• 35. (21) Any woman agreeing to act as a surrogate shall be duty- bound not to engage in any act that may harm the foetus during pregnancy and the child after birth, until the time the child or children is handed over to the designated person(s). (22) The commissioning parent(s) shall ensure that the surrogate and the child or children she deliver are appropriately insured until the time the child or children is handed over to the commissioning parent(s) or any other person as per the agreement and till the surrogate is free of ail health complications arising out of surrogacy.
  • 36. ART Clinic should “DO” & “DON‟TS” 1. Surrogacy by ART should be considered only for patients for whom it would be physically or medically impossible/undesirable to carry a baby to term. 2. Surrogacy shall be available to all Indian persons including single persons and married couples. 3. All provisions of the Surrogacy listed under the ART (Regulation) Bill should be followed. 4. No woman under twenty one years of age and over thirty five years of age shall be eligible to act as a surrogate mother under this Act. 5. Provided that no woman shall act as a surrogate for more than three successful live births in her life including her own children and with not less than two years interval between two deliveries.
  • 37. For Foreign Nationals 1. Surrogacy shall be available to only married foreign nationals whose marriage should have sustained at least for two years. 2. Only those ART Clinics who are enrolled/registered under the National Registry of ART Clinics and Banks in India (NRACBI) of ICMR shall be permitted to provide surrogacy services for foreign married couple. 3. All the provisions of the notification issued by Ministry of Home Affairs should be strictly followed. 4. The foreign married couple shall have to physically come to India for signing Agreement between the surrogate mother and married couple, on Tourist visa, but no samples may be given to any Clinic during such preliminary visit. 5. However, the foreign married couple has to come to India on Medical Visa to take the custody of the child/children born through surrogacy.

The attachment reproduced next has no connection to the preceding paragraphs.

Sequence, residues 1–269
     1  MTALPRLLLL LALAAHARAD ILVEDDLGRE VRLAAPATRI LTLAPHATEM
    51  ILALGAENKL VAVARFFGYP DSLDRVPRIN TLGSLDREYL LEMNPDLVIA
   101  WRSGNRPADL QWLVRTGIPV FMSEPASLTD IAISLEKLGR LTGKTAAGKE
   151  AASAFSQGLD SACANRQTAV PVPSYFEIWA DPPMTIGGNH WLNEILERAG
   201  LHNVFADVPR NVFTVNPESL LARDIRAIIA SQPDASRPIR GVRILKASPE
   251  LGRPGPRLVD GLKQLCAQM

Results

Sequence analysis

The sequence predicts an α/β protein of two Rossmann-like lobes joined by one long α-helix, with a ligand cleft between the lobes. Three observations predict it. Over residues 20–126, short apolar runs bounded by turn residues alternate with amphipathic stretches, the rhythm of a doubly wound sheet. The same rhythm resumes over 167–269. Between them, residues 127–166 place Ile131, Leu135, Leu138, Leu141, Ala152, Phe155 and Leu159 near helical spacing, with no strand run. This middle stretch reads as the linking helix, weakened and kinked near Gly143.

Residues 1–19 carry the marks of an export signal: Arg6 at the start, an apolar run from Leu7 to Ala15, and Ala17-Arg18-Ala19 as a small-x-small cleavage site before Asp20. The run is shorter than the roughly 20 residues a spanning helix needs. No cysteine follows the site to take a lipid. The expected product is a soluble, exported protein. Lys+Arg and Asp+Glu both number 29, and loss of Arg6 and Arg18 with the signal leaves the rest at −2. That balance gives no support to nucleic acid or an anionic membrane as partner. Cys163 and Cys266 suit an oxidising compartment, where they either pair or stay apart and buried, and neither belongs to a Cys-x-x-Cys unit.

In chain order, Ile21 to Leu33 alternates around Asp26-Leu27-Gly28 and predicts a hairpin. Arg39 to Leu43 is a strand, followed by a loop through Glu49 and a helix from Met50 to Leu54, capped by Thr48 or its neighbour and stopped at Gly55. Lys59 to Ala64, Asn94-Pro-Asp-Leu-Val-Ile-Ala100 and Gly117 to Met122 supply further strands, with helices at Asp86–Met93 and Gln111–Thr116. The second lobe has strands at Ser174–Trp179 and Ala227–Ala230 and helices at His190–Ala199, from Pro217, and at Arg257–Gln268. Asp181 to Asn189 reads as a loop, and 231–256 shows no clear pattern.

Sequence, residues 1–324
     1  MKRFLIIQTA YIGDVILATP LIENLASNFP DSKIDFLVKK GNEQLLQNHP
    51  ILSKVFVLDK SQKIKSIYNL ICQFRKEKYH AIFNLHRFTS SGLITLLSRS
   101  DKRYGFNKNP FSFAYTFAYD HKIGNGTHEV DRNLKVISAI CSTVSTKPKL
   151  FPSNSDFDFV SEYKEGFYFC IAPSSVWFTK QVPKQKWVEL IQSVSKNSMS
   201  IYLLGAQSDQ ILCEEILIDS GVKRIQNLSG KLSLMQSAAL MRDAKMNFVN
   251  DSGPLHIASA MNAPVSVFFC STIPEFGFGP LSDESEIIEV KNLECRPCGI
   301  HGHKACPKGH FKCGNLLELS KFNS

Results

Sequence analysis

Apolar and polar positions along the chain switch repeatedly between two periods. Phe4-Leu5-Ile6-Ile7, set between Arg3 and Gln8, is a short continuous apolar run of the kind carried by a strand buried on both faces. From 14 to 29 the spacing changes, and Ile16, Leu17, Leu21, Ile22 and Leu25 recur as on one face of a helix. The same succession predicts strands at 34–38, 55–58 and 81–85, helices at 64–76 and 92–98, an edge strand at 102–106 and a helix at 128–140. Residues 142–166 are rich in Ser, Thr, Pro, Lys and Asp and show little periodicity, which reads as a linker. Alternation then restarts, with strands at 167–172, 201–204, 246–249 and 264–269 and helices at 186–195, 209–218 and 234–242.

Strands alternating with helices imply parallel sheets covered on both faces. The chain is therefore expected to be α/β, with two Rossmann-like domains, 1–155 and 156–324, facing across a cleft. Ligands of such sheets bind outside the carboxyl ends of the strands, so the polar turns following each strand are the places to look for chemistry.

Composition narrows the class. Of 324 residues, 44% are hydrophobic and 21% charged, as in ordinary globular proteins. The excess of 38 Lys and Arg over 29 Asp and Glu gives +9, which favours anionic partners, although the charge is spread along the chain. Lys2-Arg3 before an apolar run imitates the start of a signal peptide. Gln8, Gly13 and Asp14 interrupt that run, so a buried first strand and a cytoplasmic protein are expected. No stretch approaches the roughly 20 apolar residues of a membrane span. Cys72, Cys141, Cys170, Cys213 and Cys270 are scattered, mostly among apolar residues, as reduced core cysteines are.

• 38. 6. OCI/PIO Card holders coming to India for commissioning surrogacy will not require a separate medical visa. However, on arrival to India and before commissioning surrogacy they will have to obtain a special permission from the FRRO/FRO concern. 7. The FRRO/FRO concern may grant the permission subject to all the conditions mentioned in the MHA notification dated 9th July, 2012. 8. The ART clinic should send a copy of the agreement to the concerned FRRO/FRO and to the National Registry of ICMR along with photocopies of the passport and the visa of the foreign couple. 9. For import of embryos, the Director/In-Charge of the Enrolled ART Clinic shall apply to the NRACBI of ICMR for NOC along with all mandatory certificates and documents. 10. In such case also, the married foreign couple shall have to come to India signing the Agreement if the embryos are to be transferred into the surrogate womb.
  • 39. Conclusion Indian society considered surrogate mother as an amalgam of religion, culture and science and is a social act of highest level of services which is scientific and brims with goodwill. The proposed draft Assisted Reproductive Technology (Regulation) Bill proposes to ensuring that services provided by them are ethical and that the medical, social and legal rights of all those concerned are protected with maximum benefit to the infertile couples or individuals within a recognized framework of ethics and good medical practice.
  • 40. Thanks